Monday, April 26, 2021
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The other side to the Trayvon tragedy

There are many assumptions being made about the Trayvon Martin case. Many groups have sprung into action at his death, calling it a “hate crime,” a product of “racial profiling” or the “stand your ground” law.That a young man who may not have done anything wrong was killed is tragic, but what is truly disgusting to his memory is the fact that people in our country are using his death to advance their own political or social causes. They are exploiting this young man to aid their own goals.

The “stand your ground” law has absolutely no bearing on the Trayvon Martin case. The “Stand Your Ground” law in Florida states “a person is justified in the use of deadly force” if “He or she reasonably believes that such force is necessary to prevent imminent death or great bodily harm to himself or herself or another or to prevent the imminent commission of a forcible felony,” (Florida Statutes, Section 776.012).

If George Zimmerman did in fact follow Trayvon with no particular reason and then attack him, without due cause or proof that Trayvon was a danger to anyone else, the “Stand Your Ground”law does not protect him. If George Zimmerman was not at fault and Trayvon attacked him, then the “Stand Your Ground” law would rightfully protect a citizen’s right to self-defense.

Despite what many are claiming, the “stand your ground” law is no new concept. I fact, it has been around for quite a while. In the Supreme Court case of Beard v. United States in 1895, the Justice John Harlan wrote that the victim, Beard, “was not obliged to retreat, nor to consider whether he could safely retreat, but was entitled to stand his ground, and meet any attack upon him with a deadly weapon, in such a way and with such force as, under all the circumstances, he, at the moment, honestly believed, and had reasonable grounds to believe, were necessary to save his own life, or to protect himself from great bodily injury,” ( Beard v. United States, 158 U. S. 550, 562 (1895).There has also been a lot of media attention to the claims that this is a case of racial profiling, some even going so far as to declare it a hate crime.

“I, personally, really truly believe this is a hate crime,” said California Representative Maxine Waters. The Reverend Jesse Jackson went so far as to say that Trayvon’s case shows that “Blacks are under attack.”

These extreme statements that are being made without any actual proof are just putting fuel on a fire of race relations in this country. This predisposition to jump to conclusions is both dangerous and ignorant.

“The Today Show” on NBC rather inventively edited the audio of the phone conversation between Zimmerman and the police dispatcher. In the audio clip that was played on the show Zimmerman said, “This guy looks like he’s up to no good. He looks black.” This makes it seem as if to Zimmerman the two facts are intrinsically connected. However, this sound bite edited out important parts of the conversation between Zimmerman and the police dispatcher. This sound bite does not accurately represent Zimmerman’s words in the least. In the actual phone conversation between Zimmerman and the police dispatcher Zimmerman said, “This guy looks like he’s up to no good. Or he’s on drugs or something. It’s raining and he’s just walking around, looking about.” After which the dispatcher asked him, “OK, and this guy — is he black, white or Hispanic?” Zimmerman replied , “He looks black.” In the real conversation Zimmerman did not even mention Trayvon’s race until the police dispatcher explicitly asked Zimmerman about Trayvon’s race.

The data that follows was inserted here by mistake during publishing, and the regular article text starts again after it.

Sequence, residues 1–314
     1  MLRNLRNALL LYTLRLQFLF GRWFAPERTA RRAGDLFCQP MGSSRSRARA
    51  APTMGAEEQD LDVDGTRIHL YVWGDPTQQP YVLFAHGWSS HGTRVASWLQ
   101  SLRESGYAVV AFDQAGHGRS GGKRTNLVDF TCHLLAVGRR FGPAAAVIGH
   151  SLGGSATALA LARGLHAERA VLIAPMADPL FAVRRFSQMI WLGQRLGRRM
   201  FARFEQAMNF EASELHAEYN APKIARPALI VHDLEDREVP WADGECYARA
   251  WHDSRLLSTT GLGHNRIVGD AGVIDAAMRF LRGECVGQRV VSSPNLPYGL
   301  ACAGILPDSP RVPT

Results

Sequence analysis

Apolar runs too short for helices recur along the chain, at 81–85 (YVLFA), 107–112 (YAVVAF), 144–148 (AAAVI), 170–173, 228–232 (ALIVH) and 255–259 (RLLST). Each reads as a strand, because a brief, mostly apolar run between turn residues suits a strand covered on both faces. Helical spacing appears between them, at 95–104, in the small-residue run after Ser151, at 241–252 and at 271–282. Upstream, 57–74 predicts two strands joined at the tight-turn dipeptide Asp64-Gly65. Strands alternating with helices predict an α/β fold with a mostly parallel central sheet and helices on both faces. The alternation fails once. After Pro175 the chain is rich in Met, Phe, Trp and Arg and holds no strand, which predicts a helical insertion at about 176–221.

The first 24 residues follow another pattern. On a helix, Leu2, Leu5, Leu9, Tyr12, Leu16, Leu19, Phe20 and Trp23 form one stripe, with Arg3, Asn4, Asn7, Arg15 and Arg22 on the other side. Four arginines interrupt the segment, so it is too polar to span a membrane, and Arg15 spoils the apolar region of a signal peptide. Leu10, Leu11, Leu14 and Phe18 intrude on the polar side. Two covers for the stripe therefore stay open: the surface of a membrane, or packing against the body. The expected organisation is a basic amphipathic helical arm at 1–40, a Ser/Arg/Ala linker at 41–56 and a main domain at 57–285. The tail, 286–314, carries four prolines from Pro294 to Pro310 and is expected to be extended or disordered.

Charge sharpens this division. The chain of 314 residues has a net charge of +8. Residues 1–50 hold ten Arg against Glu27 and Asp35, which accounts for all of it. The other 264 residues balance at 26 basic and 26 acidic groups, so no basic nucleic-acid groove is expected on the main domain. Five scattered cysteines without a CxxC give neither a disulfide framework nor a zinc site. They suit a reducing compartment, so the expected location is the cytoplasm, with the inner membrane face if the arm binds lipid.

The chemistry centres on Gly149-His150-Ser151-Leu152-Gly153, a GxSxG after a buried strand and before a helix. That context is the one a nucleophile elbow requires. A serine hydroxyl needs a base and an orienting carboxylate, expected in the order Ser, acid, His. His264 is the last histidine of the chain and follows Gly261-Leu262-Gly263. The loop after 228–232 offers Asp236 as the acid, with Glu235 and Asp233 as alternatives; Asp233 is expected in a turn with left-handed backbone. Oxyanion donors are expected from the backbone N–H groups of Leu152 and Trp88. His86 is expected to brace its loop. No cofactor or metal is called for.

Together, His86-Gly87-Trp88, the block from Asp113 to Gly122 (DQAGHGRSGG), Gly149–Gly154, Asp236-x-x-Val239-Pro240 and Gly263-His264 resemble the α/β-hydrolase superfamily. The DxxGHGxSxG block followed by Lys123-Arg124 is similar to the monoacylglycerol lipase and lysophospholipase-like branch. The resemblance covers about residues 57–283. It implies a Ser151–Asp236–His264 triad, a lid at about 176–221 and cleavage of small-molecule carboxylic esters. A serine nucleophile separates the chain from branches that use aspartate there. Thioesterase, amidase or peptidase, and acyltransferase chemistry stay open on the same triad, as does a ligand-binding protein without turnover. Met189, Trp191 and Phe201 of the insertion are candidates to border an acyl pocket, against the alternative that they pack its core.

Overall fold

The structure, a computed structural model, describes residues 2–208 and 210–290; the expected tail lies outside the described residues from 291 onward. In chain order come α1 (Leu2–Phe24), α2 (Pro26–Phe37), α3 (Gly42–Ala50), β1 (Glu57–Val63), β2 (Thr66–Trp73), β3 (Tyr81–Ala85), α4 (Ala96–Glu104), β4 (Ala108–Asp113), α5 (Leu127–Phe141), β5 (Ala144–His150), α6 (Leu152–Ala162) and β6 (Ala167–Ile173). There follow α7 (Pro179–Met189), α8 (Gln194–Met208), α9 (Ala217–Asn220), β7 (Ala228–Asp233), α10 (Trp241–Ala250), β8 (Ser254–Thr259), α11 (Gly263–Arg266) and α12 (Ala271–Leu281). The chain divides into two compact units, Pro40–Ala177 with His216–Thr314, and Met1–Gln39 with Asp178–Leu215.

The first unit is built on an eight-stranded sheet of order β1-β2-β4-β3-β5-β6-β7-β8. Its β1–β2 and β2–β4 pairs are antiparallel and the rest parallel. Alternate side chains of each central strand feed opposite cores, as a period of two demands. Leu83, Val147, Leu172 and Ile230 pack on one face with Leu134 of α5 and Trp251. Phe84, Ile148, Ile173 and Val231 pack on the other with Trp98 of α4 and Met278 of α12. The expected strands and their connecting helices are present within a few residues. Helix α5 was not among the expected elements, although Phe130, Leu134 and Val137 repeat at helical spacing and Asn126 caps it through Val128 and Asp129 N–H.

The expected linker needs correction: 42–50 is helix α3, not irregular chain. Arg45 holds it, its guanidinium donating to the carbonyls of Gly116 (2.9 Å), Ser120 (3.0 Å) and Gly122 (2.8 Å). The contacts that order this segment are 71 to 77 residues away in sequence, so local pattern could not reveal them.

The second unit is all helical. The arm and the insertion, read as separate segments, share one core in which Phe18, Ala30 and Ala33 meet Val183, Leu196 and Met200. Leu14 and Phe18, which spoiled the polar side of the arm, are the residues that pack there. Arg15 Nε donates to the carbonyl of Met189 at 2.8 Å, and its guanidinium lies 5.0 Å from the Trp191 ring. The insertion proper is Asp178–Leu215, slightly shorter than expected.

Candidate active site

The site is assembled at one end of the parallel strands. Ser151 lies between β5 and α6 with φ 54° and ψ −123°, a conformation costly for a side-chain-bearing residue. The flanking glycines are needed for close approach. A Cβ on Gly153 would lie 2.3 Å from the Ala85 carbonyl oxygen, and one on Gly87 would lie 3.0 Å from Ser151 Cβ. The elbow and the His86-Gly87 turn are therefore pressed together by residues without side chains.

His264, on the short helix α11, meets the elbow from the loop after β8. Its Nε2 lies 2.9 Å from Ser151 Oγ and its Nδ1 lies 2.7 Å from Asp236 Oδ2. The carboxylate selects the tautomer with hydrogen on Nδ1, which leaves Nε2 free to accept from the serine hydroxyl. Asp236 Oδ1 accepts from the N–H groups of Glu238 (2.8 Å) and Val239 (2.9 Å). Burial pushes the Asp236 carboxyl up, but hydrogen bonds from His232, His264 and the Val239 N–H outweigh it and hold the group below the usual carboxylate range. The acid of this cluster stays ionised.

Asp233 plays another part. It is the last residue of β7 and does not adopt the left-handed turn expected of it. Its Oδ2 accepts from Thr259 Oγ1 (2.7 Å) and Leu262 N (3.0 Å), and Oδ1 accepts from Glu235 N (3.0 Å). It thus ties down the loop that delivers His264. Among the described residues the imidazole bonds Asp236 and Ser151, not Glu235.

Whatever you feel about Zimmerman, what NBC did was wrong. It was unethical reporting and inaccurately represented the truth to the millions of viewers who watch “The Today show.” NBC issued a statement that apologized for the editing, but did not recant the editing on the Today show. That might actually have righted NBC’s mistake by reaching the viewers it effectively misled.

It is really good that the media is giving attention to this death and making the police accountable for getting to the bottom of the incident. But that is where they must stop. If Zimmerman is guilty, there should be no need to manipulate information to make it seem so.

The simple truth about the Trayvon Martin case is that we do not know the truth of the case. Whatever went down between Zimmerman and Trayvon, we simply don’t have enough information to piece it together at this time. It is ridiculous and wrong to call something a hate crime or any other crime when we are only getting tiny bits of the information that the police have, and that is filtered through the media, which in this case seems to have a specific bias. We have a very novel and important idea in America that says that a person is innocent until proven guilty. If Zimmerman is guilty without any questionable doubt, he will end up in jail, where he would deserve to be. Until more information is public, it is not for us to make assumptions and try to decide what happened.

ladams@unews.com

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